Spell-checkers are core applications in language learning and normalisation, which may enormously contribute to language revitalisation and language teaching in the context of indigenous communities. Spell-checking as a generation task, however, requires large amount of data, which is not feasible for endangered languages, such as the languages spoken in Peruvian Amazonia. We propose here augmentation methods for various misspelling types as a strategy to train neural spell-checking models and we create an evaluation resource for four indigenous languages of Peru: Shipibo-Konibo, Asháninka, Yánesha, Yine. We focus on special errors that are significant for learning these languages, such as phoneme-to-grapheme ambiguity, grammatical errors (gender, tense, number, among others), accentuation, punctuation and normalisation in contexts where two or more writing traditions co-exist. We found that an ensemble model, trained with augmented data from various types of error achieves overall better scores in most of the error types and languages. Finally, we released our spell-checkers as a web service to be used by indigenous communities and organisations to develop future language materials.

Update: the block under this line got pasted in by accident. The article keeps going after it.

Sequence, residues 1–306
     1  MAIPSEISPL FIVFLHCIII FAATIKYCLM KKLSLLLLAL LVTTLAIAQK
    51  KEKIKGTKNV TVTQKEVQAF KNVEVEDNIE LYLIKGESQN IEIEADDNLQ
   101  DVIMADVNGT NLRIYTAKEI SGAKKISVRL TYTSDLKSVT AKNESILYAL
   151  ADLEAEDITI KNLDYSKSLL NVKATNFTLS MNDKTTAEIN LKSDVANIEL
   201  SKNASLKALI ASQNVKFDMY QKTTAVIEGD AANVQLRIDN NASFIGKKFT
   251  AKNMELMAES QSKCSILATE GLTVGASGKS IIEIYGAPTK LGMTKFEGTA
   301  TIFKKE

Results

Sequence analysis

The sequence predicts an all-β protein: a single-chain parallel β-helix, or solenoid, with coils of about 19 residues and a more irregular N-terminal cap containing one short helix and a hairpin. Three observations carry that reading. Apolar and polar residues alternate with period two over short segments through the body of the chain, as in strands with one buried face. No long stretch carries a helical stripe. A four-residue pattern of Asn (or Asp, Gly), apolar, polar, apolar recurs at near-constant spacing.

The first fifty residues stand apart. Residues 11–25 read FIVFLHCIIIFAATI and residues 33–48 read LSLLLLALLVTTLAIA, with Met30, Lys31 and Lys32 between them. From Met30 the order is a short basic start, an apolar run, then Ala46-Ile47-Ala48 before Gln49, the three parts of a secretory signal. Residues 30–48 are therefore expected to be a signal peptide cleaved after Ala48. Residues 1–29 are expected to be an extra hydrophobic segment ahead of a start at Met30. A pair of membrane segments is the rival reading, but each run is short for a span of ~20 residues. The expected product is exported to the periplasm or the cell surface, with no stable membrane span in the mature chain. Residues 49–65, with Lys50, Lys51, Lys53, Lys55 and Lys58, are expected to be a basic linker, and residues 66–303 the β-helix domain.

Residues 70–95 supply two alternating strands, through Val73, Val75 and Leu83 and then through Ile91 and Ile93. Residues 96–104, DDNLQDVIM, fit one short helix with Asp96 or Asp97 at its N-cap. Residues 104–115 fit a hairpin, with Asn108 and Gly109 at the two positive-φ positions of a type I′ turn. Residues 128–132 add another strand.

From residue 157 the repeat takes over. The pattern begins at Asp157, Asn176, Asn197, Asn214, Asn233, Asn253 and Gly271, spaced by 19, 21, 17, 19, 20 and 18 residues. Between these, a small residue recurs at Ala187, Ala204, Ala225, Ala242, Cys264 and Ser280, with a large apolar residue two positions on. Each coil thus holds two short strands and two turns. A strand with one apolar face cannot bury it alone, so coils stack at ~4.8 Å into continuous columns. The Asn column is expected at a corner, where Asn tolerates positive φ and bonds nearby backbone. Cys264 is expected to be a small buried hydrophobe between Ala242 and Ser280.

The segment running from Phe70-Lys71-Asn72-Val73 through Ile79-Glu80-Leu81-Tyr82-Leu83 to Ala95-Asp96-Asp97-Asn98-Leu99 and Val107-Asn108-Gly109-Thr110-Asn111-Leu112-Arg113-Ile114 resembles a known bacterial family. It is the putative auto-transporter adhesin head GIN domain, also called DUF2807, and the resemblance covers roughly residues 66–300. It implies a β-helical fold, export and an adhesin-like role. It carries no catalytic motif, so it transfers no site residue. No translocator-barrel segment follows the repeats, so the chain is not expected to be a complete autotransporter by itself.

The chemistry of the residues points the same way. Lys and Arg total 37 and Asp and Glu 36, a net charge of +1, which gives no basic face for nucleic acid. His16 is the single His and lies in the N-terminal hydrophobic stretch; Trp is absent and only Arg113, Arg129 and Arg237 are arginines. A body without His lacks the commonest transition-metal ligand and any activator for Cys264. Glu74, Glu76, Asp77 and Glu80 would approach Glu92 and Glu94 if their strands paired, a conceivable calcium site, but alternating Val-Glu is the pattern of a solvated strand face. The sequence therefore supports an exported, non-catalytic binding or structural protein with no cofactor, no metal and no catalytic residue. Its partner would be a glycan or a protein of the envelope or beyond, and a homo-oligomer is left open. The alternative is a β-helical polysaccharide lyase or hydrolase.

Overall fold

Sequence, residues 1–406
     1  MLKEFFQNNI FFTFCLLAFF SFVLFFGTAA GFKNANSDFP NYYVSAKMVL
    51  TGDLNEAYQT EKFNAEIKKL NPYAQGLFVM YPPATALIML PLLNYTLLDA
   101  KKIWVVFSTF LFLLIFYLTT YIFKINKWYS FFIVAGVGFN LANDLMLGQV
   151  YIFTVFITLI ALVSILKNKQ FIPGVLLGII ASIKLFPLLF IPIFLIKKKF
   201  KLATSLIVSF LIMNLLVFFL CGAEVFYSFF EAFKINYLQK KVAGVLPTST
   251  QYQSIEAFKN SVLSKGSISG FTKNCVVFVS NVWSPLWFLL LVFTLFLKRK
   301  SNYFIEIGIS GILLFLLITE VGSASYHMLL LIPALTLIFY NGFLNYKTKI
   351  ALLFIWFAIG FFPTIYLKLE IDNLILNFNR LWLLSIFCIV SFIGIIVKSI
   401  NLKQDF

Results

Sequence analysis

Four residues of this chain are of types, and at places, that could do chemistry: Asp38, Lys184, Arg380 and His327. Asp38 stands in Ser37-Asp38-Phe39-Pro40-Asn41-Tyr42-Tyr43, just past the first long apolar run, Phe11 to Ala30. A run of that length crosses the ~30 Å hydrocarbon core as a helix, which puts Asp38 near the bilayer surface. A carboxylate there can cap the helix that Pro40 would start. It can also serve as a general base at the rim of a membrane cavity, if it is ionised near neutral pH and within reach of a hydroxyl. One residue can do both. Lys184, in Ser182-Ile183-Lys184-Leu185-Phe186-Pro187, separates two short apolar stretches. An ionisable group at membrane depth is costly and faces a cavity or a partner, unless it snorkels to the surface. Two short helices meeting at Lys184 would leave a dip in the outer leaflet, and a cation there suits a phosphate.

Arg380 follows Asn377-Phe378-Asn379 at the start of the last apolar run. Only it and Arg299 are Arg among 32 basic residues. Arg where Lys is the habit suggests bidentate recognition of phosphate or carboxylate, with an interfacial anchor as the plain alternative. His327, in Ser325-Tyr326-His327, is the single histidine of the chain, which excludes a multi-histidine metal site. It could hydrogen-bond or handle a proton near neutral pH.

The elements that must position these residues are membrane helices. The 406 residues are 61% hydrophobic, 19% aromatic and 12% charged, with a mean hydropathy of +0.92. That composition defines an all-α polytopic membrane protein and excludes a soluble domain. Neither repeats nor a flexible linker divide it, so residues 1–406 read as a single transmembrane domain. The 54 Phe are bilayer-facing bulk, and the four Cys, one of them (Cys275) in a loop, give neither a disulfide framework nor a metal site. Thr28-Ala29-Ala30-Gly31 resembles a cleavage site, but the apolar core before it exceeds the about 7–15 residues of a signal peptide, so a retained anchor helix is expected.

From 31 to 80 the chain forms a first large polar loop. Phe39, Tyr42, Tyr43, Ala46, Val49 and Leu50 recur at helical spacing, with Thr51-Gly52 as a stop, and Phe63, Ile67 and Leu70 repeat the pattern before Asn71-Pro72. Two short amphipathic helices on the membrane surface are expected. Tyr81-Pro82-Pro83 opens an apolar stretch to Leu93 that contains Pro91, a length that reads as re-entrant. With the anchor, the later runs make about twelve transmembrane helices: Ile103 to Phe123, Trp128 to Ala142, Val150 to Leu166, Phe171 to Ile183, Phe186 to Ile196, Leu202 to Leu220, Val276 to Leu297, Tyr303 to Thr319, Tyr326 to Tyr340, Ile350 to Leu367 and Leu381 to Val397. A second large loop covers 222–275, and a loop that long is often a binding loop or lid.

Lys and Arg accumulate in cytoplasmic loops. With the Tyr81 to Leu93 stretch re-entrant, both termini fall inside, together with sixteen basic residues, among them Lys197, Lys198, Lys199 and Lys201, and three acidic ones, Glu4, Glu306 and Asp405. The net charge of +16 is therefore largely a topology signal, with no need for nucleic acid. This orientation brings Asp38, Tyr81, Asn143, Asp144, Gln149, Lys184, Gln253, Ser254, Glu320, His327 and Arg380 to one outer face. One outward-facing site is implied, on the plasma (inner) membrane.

There are several native languages in Peru which are mostly agglutinative. These languages are transmitted from generation to generation mainly in oral form, causing different forms of writing across different communities. For this reason, there are recent efforts to standardize the spelling in the written texts, and it would be beneficial to support these tasks with an automatic tool such as an spell-checker. In this way, this spelling corrector is being developed based on two steps: an automatic rule-based syllabification method and a character-level graph to detect the degree of error in a misspelled word. The experiments were realized on Shipibo-konibo, a highly agglutinative and amazonian language, and the results obtained have been promising in a dataset built for the purpose.